Non-Renewal Notices, Rental Arbitrage, and Hard Money 101

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If a potential tenant approaches you about Airbnb rental arbitrage, you may wonder if there’s a catch. Are you responsible for damages? What if you encounter a noisy guest? As a landlord, there are all kinds of pros and cons you need to consider before letting someone else lease out your home. But, not to worry—our hosts are here to spell them out!

Welcome back to the Real Estate Rookie podcast! In this episode, Ashley and Tony deliver some critical advice to landlords. In addition to rental arbitrage, they discuss non-renewal notices—when and how to deliver them! For first-time investors, they also provide a step-by-step process for creating an offer letter. What’s more, they break down the biggest differences between hard money loans and construction loans and which one is the better option for a BRRRR (buy, rehab, rent, refinance, repeat). Finally, they touch on structuring partnerships and all of the details you MUST flesh out before making one official!

Ashley:
This is Real Estate Rookie, episode 334.

Tony:
I guess we can just go pros and cons for allowing someone to arbitrage your unit. You ideally could potentially charge slightly higher than market rents. If you’ve got a bigger multifamily property, you could lease out multiple units at one time to one person. The third benefit, and this is counterintuitive, they’ll probably end up being your best tenants, because they’re going to handle a lot of the minor maintenance issues on their own if they’re a good host, because they’re going to want to make sure that it’s ready for that guest.

Ashley:
My name is Ashley Kehr, and I’m here with my co-host Tony J. Robinson.

Tony:
And welcome to the Real Estate Rookie Podcast, where every week, twice a week, we bring you the inspiration, motivation, and stories you need to hear to kickstart your investing journey. And today, we’re back with another rookie reply, answering questions from you, our rookie audience. And look, if you would like your question featured in one of our episodes, head over to biggerpockets.com/reply, and we just might choose your question for one of our shows. But today, we got a long list of stuff that we’re going over. We talk a little bit about rental arbitrage at the end of the show. What is it? When is it beneficial for the landlord and for the person doing arbitrage? We talk a little bit about how to structure partnerships, and if you guys haven’t yet, head over to biggerpockets.com/partnerships to pick up mine and Ashley’s book about partnerships where we cover on how to structure a partnership, what to look out for, mistakes that rookies make when they’re doing that kind of thing.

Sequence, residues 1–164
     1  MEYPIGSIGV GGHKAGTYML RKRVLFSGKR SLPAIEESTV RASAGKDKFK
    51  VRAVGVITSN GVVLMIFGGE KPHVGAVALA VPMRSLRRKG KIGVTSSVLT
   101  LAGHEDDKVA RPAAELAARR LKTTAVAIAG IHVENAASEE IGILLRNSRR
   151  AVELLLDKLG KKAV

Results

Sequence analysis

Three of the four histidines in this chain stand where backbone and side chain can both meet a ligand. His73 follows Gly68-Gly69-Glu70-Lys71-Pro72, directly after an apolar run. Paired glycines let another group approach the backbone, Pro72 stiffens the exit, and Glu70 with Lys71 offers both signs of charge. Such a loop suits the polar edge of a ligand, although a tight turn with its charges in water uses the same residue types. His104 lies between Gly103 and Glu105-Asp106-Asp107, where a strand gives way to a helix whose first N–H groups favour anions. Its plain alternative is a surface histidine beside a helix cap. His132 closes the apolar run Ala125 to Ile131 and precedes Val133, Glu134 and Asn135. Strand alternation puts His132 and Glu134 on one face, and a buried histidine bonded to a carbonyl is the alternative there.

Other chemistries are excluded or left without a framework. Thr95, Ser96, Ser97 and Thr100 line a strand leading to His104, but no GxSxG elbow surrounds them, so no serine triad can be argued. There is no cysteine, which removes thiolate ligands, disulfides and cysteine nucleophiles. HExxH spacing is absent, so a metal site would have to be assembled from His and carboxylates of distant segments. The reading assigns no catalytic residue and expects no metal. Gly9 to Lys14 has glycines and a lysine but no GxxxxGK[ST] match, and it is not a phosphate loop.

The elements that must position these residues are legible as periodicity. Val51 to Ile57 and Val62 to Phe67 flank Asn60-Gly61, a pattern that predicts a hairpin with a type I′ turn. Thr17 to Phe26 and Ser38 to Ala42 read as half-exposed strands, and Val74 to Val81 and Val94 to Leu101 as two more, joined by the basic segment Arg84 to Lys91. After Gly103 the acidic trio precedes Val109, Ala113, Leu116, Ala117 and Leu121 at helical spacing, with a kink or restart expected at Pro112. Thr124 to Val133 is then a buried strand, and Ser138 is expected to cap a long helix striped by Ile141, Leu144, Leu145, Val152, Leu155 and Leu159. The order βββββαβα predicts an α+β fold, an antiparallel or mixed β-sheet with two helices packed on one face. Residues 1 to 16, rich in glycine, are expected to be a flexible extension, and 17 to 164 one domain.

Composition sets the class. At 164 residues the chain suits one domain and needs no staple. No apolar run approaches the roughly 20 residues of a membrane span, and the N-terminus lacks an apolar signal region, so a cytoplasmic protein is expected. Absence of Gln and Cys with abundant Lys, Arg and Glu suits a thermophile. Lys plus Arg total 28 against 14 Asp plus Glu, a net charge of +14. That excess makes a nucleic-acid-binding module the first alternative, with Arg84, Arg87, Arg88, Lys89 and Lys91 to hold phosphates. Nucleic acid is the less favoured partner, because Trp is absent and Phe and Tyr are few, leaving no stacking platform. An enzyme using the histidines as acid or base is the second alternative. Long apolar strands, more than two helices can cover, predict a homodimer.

Ashley:
And if you have checked out our book and given it a read, we would love to hear from you if you could leave us a review at biggerpockets.com or if you ordered it on Amazon or Barnes and Noble, if you could leave a review there, too. Well, you guys, we have run out of reviews. That means we need you to leave a review, an honest rating and review of the podcast, so that we can feature you. And please share any lessons you’ve learned, any wins you have had from this podcast, listening to these amazing guests, and we would love to give you a shout-out. But before we get into today’s show, Tony, I need to have a little boring banter with you. So by the time this airs, you’ll be holding a little baby girl in your arms, so just fill us in real quick: what’s going on in the Robinson household to prepare for baby?

Tony:
That’s a good question. Sarah’s pretty proactive, so she’s been prepping leading up to this. We cleaned out the garage last month to make room for all the stuff that we were going to get for the baby shower. We had a closet downstairs, the closet you have underneath your stairs, it was just a junk place. Now it’s all the baby stuff. We just finished the nursery, I think last weekend, so we’re pretty much ready. I think the only thing that’s missing right now is diapers. For whatever reason, we didn’t get any diapers at the baby shower, so we got to get diapers and wipes. But everything else, we’ve got. We’ve got literally everything that we need, so we’re just waiting right now for baby girl to get here.

Ashley:
It’s funny because when I came to visit you guys in August, in the morning, I got up and made myself breakfast and I went, I don’t know where anything is in your kitchen, so I’m just going through random cupboards and I opened up this big cabinet and it’s just a piece of paper that says baby stuff, just like the whole cabinet is saved for baby stuff.